I’ve learned that people have different tolerance to risk. Some people come in and are afraid to take a foot off the ground, others would climb to the top on their first day if their body would allow. In order for people to make informed decisions around risk they have to have an understanding of what those risks are. Part of my job as an instructor and a director is to relay my understanding of the risk involved and then respect the student/performers decisions about whether or not to take it. As a studio, we have a certain amount of risk we are comfortable with and a responsibility to set limits on the risks taken through people’s work with us. Just because you are comfortable with doing that new trick you just learned in front of an audience with no mat doesn’t mean I am going to allow that in our space. In fact, I have over the years chosen not to work with a number of people that have high risk tolerance because I am not comfortable with associating my business with people that have no sense of self preservation. Another thing I’ve become aware of is that my tolerance for risk for myself is very different than the tolerance I have for risk when it comes to my students and peers. I might choose to do silks off of balloons with no safety lines or netting 100ft in the air; because to me that risk was worth the experience, and because the only person I’m really risking is me. I won’t let my students go 20’ in the air without mats and rescue plans and my hawk eyes watching their every move. I definitely wouldn't put something in a show that puts the audience at risk, that is not a risk they had a chance to assess and consent to.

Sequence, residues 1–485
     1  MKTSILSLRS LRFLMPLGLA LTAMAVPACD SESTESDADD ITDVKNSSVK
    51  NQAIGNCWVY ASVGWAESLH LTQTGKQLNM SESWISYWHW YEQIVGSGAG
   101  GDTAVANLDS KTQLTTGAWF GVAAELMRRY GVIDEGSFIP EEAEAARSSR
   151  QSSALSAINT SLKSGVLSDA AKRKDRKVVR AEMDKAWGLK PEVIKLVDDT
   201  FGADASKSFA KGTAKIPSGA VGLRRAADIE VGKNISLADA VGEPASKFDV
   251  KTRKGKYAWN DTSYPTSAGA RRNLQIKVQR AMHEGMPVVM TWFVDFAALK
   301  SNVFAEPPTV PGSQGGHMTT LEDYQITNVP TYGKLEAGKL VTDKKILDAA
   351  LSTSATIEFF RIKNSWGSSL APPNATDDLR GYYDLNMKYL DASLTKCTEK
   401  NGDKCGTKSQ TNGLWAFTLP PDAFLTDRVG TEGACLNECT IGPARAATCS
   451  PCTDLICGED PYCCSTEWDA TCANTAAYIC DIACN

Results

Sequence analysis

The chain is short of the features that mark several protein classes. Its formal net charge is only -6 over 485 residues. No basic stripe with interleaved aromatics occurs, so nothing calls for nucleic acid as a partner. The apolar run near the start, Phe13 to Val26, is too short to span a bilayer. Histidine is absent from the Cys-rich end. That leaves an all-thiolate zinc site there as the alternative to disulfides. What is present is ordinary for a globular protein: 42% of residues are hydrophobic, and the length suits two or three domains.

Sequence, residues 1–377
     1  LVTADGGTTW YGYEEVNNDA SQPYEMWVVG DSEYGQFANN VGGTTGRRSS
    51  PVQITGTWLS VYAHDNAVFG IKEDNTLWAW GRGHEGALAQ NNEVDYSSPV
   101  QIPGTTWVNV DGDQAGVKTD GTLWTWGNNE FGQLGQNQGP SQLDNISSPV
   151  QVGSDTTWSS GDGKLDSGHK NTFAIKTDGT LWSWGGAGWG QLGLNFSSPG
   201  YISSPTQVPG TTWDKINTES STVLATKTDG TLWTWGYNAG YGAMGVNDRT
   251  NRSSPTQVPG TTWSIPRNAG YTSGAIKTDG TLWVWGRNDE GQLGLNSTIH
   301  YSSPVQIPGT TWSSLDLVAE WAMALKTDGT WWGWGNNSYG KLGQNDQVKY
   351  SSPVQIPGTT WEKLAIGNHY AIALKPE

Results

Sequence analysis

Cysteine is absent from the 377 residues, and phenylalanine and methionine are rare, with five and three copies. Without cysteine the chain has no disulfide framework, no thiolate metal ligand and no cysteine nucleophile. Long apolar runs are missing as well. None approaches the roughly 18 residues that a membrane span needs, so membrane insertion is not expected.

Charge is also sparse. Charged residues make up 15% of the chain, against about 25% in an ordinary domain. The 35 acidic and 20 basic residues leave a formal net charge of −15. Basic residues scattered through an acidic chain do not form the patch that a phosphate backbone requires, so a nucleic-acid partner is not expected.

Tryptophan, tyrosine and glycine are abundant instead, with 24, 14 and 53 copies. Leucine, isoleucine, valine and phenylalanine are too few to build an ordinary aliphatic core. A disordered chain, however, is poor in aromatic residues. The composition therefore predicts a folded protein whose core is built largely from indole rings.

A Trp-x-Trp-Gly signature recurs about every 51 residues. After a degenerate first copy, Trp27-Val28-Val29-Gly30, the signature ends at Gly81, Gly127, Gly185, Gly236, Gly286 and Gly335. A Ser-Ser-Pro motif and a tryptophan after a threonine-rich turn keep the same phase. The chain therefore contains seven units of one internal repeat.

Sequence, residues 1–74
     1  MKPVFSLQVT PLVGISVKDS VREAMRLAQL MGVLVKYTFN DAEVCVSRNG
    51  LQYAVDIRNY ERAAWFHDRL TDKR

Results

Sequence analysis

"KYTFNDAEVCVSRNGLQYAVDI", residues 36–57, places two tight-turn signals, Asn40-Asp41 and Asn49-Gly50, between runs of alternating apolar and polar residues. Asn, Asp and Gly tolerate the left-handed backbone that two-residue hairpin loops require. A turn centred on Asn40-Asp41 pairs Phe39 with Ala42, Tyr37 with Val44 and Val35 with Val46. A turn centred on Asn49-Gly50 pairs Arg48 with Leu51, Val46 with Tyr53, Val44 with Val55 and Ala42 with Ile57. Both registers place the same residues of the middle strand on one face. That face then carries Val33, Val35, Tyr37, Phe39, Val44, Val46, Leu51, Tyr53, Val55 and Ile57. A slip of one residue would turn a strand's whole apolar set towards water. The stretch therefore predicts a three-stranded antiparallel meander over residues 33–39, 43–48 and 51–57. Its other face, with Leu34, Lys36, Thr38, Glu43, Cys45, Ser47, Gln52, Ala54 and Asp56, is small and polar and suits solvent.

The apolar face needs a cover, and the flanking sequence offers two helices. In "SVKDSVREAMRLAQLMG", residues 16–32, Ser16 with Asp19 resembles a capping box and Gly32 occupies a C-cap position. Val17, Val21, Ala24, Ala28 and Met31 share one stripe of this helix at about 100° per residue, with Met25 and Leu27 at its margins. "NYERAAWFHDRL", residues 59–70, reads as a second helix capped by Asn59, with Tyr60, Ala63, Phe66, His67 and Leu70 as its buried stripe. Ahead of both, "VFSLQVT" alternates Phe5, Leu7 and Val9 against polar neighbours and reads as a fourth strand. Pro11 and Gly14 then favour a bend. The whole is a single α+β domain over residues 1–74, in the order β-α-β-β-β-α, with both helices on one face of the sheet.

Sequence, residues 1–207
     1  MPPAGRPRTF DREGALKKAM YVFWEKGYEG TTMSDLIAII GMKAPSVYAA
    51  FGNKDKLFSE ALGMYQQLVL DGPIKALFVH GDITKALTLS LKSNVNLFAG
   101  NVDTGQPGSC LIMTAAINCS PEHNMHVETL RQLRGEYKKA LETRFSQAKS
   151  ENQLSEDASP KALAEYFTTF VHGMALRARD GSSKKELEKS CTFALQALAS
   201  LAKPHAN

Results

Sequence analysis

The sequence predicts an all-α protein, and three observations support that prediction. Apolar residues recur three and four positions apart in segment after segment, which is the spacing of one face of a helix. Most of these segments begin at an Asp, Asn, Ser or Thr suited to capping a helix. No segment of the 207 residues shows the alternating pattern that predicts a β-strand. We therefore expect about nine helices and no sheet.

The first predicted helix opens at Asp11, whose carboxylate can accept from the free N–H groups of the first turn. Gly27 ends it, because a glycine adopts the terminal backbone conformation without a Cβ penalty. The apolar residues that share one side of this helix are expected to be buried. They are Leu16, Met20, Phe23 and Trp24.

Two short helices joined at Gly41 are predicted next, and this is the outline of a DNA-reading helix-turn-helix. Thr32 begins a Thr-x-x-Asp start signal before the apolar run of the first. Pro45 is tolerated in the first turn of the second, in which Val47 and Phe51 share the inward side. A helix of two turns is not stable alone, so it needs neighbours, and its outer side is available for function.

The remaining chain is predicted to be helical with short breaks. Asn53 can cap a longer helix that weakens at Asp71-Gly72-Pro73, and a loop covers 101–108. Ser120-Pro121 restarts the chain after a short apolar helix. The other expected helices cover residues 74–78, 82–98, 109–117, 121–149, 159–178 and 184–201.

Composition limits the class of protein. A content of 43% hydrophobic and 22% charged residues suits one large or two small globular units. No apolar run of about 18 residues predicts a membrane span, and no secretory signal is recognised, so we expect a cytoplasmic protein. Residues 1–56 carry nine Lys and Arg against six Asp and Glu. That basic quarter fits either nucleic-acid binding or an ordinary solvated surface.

The thing with coronavirus is, one person’s risk effects all of us. And while it should be true that we should all be able to determine our own risk tolerance, the fact that the risks we take put others in danger changes things. While ideally those most vulnerable should be able to stay home, some of them can’t. Not only that but there are essential workers to think of. Doctors and nurses risking their lives to save ours. But they don’t get to determine the amount of risk they take, you do. The choices you make determine their exposure. It’s not just them either, there are non-medical staff working in hospitals. My wife works at an optical place. People need to see, so sales associates helping you pick out glasses are subject to the risks you are taking, and they don’t have doctors' salaries that might make that risk more worth it for them.